Your guide to getting through menopause

Hot flushes, mood swings, forgetfulness – there’s a lot not to love about menopause. Here’s how to cope with one of life’s biggest changes.

Just as the start of menstrual periods can be a difficult time for adolescent girls, so can the end of them for women going through menopause.

Physical changes combined with hormonal upheaval can make it a difficult time to navigate, but there are ways to make the transition to the other side of menopause more manageable.

What is menopause?

According to national not-for-profit women’s health organisation Jean Hailes, menopause is the final menstrual period.

Menopause, sometimes called the “change of life”, occurs when there is a shift in woman’s reproductive hormones and the ovaries stop releasing eggs.

For most women it happens between the ages of 45 and 55, with an average age of 51.

Menopause before 40 is known as premature menopause, and before 45 it is called early menopause.

Once a woman has stopped menstrual bleeding for 12 months, that generally means menopause has taken place.

Menopause can also be brought on by surgery, or for treatment for cancer.

menopause

What to expect during menopause

The Australasian Menopause Society says every woman will be affected by menopause in some way, either by experiencing the symptoms or physical changes.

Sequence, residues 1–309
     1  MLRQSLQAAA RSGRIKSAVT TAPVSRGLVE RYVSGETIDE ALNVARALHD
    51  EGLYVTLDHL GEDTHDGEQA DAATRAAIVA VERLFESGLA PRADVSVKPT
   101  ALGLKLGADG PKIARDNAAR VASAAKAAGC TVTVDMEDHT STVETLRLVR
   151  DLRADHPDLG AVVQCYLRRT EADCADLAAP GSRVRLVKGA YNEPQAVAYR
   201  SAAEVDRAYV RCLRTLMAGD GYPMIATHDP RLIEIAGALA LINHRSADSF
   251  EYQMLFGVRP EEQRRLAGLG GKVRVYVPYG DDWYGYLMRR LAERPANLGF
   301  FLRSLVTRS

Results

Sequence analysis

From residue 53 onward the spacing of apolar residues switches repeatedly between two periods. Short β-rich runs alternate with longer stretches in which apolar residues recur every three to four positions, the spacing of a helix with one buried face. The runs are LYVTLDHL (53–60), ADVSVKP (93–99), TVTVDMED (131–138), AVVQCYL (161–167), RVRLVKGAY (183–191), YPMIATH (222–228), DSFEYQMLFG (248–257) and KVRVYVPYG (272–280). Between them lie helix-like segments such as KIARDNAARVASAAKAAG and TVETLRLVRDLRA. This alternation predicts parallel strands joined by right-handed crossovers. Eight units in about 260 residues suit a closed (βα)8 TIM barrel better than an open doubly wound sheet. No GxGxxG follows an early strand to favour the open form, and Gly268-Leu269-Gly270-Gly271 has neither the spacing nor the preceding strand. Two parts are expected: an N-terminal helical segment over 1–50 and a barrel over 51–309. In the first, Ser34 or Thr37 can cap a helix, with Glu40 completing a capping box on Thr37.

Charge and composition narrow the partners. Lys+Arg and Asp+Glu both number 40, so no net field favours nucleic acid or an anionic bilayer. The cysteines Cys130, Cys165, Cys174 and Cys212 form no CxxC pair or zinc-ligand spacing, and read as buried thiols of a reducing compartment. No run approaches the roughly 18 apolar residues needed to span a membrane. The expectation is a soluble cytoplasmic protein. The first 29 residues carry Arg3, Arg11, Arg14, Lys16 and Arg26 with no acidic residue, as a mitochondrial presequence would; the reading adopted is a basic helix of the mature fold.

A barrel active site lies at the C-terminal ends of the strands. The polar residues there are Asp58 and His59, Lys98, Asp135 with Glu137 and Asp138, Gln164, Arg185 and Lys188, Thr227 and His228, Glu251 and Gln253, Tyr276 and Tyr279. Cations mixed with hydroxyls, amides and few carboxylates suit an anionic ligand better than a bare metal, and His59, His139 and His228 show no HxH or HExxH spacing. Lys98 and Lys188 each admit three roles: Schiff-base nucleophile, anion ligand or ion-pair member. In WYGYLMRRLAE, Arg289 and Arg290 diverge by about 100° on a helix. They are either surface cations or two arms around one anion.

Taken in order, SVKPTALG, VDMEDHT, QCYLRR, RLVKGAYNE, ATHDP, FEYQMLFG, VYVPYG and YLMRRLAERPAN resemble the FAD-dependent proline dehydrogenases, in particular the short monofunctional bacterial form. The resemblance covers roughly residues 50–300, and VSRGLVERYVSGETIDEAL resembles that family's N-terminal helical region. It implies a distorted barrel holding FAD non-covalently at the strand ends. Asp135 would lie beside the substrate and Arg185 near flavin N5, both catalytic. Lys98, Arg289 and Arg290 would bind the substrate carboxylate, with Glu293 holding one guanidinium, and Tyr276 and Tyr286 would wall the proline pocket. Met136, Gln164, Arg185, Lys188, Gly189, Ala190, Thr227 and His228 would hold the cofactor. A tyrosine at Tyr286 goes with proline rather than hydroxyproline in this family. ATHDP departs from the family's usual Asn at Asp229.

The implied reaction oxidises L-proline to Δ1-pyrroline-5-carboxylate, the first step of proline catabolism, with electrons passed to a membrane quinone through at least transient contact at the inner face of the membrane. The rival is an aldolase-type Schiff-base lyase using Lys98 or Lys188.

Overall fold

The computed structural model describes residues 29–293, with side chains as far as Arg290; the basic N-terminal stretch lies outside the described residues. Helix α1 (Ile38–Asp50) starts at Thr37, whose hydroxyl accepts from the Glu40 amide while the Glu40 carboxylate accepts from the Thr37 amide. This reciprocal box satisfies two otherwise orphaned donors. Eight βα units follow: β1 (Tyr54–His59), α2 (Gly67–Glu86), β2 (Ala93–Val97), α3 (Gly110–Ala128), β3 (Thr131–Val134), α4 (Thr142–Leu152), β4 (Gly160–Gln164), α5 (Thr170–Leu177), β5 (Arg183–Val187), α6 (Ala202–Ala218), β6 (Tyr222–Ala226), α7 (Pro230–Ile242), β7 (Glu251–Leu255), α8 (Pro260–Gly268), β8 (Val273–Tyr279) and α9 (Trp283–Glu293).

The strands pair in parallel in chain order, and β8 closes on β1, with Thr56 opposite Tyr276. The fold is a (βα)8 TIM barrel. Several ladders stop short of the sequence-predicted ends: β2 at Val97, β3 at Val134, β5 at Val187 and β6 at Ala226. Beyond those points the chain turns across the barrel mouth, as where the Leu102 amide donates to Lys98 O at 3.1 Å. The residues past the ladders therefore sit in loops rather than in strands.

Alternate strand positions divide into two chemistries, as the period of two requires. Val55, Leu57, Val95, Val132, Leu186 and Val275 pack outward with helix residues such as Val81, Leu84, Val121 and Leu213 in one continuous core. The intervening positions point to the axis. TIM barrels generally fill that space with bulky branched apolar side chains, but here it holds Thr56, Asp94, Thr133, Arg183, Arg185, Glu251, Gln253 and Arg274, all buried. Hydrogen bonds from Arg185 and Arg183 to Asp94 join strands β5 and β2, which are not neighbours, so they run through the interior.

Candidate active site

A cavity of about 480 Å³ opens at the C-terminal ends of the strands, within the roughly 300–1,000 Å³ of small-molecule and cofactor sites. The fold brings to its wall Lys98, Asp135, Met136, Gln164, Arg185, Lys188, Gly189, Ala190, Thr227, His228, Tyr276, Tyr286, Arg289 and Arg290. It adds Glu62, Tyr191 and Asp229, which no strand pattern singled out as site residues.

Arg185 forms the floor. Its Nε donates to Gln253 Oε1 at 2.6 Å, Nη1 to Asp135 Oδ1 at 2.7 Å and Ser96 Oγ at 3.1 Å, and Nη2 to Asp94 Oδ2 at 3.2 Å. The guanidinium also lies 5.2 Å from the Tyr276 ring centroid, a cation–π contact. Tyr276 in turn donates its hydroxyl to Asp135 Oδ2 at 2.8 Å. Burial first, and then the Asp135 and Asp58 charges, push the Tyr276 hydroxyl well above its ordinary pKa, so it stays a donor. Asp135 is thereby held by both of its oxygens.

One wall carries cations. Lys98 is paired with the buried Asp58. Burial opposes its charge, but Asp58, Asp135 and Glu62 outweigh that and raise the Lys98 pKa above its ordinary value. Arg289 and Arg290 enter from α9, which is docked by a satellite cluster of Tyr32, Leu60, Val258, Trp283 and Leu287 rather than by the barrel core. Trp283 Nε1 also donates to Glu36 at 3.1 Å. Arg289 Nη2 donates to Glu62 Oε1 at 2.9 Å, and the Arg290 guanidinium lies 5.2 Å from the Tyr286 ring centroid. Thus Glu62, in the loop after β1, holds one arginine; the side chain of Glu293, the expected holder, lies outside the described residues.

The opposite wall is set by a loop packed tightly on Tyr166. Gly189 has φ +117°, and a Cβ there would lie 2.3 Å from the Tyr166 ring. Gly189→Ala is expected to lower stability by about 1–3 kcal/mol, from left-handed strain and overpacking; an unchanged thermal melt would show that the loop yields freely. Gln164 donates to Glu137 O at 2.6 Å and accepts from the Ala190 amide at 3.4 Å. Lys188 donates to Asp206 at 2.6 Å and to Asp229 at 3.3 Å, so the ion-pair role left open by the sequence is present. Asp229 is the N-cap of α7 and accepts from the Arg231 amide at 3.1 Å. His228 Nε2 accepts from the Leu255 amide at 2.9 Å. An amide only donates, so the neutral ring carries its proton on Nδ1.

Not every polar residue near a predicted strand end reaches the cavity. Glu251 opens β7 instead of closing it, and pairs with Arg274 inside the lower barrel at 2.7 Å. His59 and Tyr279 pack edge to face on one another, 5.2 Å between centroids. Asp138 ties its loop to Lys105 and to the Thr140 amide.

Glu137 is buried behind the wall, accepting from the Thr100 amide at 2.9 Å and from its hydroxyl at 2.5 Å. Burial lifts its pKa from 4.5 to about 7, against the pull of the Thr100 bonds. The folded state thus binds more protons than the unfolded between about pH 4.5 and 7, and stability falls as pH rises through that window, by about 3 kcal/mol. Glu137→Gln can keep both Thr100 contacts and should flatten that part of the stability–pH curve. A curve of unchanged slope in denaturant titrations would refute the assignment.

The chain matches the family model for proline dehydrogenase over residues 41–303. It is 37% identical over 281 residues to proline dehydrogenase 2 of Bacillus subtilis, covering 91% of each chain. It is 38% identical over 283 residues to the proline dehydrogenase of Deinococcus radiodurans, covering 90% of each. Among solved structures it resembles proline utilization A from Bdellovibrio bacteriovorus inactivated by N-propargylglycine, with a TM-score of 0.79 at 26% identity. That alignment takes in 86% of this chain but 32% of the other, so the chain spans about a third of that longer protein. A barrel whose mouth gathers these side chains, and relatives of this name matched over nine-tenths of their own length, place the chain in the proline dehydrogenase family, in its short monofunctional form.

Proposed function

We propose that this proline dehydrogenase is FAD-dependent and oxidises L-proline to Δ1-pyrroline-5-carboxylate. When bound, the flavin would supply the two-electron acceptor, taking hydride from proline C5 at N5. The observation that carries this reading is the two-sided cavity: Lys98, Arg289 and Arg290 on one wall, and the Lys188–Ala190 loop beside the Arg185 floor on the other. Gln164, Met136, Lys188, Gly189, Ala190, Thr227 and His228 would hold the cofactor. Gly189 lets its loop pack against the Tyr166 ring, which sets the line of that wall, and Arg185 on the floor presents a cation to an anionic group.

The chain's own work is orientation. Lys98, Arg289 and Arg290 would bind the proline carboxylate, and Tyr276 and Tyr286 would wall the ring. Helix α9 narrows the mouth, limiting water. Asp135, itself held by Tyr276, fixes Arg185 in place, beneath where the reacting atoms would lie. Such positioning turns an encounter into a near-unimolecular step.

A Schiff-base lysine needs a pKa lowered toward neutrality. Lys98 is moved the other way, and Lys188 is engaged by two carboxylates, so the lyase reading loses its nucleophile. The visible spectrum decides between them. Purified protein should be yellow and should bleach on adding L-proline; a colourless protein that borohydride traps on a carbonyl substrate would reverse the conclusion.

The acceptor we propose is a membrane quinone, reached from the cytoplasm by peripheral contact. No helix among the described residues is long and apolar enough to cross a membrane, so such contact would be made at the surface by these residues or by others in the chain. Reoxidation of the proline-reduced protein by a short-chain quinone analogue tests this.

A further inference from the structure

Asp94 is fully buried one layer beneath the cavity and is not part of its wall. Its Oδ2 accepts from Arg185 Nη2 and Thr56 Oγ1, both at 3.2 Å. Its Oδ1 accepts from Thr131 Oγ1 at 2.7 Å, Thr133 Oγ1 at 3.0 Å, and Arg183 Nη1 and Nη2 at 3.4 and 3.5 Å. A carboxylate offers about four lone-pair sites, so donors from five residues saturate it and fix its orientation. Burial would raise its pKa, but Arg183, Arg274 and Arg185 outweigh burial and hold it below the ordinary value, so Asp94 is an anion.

Perimenopause is the stage before natural menopause, and is when the ovaries are running out of eggs.

It is often the time when women begin to experience the symptoms of menopause, which unfortunately are not always pleasant.

Symptoms include:

  • Hot flushes
  • Vaginal changes
  • Night sweats
  • Aches and pains
  • Headaches
  • Forgetfulness
  • Reduced libido
  • Hair loss
  • Weight changes
  • Mood swings

Menopause also leads to increased risk of heart disease and is a key time to focus on bone health and osteoporosis prevention.

A recent University of Illinois study found women are at increased risk of depression during perimenopause.

Life stressors including caring for children and parents, career and relationship shifts, body changes and family illness can also adversely affect mood.

But health professionals are still finding their way with diagnosis and treatment during this complex stage of life.

How to manage menopause

Treatment of menopausal and perimenopausal symptoms will vary for each woman, depending on their stage of life, relationships and general level of health and wellbeing.

Maintaining a healthy lifestyle through diet and exercise, natural and complementary therapies, menopause hormone therapy (MHT, formerly known as hormone replacement therapy or HRT) and some prescription medications can also help relieve menopausal symptoms.

Proven depression remedies including antidepressants, cognitive behavioural therapy and other psychotherapies may also be needed.

For those who go through menopause because of cancer treatment, complementary therapies such as yoga and relaxation can ease symptoms.

Watch Zoe Bingley-Pullin uncover the truth about menopause and how to best manage the symptoms on House of Wellness TV:

Written by Sally Heppleston.

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